Buscaglia completely rejuvenated the Robert Morris women's basketball program when he arrived before the 2003­04 season. The Colonials hadn't been to a tournament since 1988­89, and he inherited a team that went 1­26 the year before.
 
His first season, Robert Morris finished 3­24. Just one year later, he led the 2004­05 team to a20­10 mark, the third biggest turnaround in Division I history. Since then, he's taken the Colonials to six national tournaments, including three NCAA Tournaments.
 
But while the success on the court has been impressive, Buscaglia also wants to leave a mark as a champion for women's athletics. He pushes for media coverage, for female athletics to get attention for their accomplishments, for equal promotion.
 
It's not something he plans to stop, either, when he retires after this season. He still plans to campaign for recognition, and athletic director Craig Coleman wouldn't expect anything less.
 
"I frankly expect him to continue that from beyond the grave," Coleman said with a laugh. "I feel like we could have a seance and he would appear."
 
Coleman, who also coaches the softball team, said he doesn't think anyone — not even Buscaglia's own players or other Robert Morris women's teams — understand just how hard Buscaglia works to promote them.
 
"He is tireless in his efforts to not just get his own program the attention it deserves, but all of our women's sports," Coleman said. "It's something that's been a lifelong passion of his. He's there everyday with these young women and they work just as hard as the men and they go through all the same trials and tribulations as the men.
 
"He cares an awful lot about them and it breaks his heart when 2,000 people show up to watch the men play and 200 people show up to watch the women play. He is always advocating for doing more for the women, trying to come up with new marketing ideas to get people to the games."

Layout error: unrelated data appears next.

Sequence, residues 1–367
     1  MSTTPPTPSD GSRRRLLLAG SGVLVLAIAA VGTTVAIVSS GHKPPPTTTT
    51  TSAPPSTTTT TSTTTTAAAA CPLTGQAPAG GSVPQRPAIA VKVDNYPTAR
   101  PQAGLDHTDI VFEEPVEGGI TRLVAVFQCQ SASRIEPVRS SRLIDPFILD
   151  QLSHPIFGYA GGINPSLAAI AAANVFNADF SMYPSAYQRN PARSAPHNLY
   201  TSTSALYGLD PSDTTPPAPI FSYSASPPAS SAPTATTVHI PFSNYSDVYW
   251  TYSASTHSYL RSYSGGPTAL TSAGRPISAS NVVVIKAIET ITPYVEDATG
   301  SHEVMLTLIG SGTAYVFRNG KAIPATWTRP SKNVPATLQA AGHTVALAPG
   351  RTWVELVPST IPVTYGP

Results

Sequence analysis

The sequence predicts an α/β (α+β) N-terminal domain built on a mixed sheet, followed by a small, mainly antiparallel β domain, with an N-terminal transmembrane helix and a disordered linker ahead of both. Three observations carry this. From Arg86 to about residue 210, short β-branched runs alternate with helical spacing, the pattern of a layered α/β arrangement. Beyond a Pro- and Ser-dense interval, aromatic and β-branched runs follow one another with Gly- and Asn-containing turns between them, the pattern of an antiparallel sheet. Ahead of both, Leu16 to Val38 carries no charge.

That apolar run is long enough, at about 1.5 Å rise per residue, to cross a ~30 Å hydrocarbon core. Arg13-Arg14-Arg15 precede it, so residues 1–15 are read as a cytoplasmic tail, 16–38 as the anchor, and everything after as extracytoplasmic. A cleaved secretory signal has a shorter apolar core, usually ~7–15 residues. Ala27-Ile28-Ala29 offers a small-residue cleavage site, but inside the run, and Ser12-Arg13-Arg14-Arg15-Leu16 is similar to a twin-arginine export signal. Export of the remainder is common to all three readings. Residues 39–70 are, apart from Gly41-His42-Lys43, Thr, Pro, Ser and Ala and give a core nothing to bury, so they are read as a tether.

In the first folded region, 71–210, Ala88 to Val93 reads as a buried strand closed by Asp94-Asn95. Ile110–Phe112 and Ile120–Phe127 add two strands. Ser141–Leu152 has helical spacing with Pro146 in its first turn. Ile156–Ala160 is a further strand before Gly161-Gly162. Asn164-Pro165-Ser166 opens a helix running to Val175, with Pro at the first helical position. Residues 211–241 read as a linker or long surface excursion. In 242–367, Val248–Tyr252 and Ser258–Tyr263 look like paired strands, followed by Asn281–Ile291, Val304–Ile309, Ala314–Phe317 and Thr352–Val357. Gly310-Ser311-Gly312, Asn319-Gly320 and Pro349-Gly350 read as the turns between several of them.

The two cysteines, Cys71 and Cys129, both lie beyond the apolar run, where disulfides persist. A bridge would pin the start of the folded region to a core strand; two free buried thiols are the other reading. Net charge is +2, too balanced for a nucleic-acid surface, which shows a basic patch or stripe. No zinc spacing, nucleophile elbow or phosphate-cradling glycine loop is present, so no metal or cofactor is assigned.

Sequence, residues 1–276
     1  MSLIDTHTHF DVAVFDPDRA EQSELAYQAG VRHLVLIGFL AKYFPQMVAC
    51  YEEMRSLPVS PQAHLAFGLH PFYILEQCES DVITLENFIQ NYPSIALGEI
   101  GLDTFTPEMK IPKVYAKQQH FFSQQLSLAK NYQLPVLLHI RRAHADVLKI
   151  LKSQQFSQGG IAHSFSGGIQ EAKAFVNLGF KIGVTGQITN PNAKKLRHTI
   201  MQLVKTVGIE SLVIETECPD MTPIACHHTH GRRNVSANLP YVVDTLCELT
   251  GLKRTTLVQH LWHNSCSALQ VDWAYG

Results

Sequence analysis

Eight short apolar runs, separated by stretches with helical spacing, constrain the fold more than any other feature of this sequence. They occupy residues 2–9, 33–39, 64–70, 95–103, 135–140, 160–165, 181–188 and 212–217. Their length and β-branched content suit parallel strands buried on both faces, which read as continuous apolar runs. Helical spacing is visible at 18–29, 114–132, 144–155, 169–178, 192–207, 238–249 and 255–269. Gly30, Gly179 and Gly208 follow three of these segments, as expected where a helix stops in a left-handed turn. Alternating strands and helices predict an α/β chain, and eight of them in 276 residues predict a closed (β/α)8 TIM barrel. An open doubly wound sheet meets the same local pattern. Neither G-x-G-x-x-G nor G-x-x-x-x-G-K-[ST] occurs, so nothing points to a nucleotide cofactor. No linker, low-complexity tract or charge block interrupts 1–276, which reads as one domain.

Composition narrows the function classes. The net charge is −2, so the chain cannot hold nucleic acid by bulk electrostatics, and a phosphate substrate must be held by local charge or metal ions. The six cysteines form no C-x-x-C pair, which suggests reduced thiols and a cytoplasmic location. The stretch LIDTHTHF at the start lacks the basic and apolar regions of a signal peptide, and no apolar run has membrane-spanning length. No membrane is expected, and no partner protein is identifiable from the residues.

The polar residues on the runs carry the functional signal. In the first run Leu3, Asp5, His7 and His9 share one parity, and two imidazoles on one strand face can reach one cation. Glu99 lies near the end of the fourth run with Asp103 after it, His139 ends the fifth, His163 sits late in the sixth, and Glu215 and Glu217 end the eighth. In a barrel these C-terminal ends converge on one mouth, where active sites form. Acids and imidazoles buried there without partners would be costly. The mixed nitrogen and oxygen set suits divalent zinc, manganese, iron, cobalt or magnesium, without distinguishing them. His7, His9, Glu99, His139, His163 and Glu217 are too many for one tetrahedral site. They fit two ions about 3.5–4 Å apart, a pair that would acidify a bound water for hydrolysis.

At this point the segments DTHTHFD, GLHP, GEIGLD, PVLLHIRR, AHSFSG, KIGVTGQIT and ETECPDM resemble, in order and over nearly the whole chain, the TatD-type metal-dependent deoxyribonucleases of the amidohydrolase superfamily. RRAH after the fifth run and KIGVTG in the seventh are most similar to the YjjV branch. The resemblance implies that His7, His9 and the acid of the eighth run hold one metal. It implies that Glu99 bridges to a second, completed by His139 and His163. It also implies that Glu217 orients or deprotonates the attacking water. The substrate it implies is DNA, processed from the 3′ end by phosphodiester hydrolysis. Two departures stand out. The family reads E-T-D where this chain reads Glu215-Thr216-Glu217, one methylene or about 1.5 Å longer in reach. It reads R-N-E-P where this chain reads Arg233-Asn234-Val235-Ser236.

Buscaglia has seen progress. Not as much as he'd like, but progress nonetheless. Women's sports and men's sports are more equal now in resources and funding than when he started, and he commended Robert Morris in particular for what the university does for women's athletic financially.
 
Still, there's work to be done. It can't just be the people working in athletics striving to make a change, he said, it has to be the community and the fans and other university employees. It's about altering the culture of the country as a whole, to build a consciousness for the value of women's sports that wasn't there before.
 
"The fact that I know that my coach has my back means everything," said senior Ashley Ravelli. "If he's out there talking to people, I know he'll talk good about us. I know he doesn't complain that he's coaching women. He loves that he's coaching women. He supports us. It means everything.
 
"You can't ask for more than knowing that your coach has your back. He's there to tell you you're good enough to do this. You're not a guy, but you're good enough to do this."
 
Objectively, Buscaglia understands why men's sports are more of a draw, but he wants fans to look at sports, particularly college sports, in a different way. In many ways, female athletes personify what student­athletes are supposed to be, he said, and it's time for everyone else to pay attention.
 
"I think we in society look at everything from an entertainment value," he said. "Men entertain us more. They dunk. They run faster. That's just the truth, they do. But I think we should foster the complete picture of what college athletics is about.
 
"It's not just about entertainment. It's about young people, men or women, who are representing their school. I'm going to a game to see a student­athlete, a true student­athlete, a kid who gets good grades, is a good kid. Get excited about who you are supporting."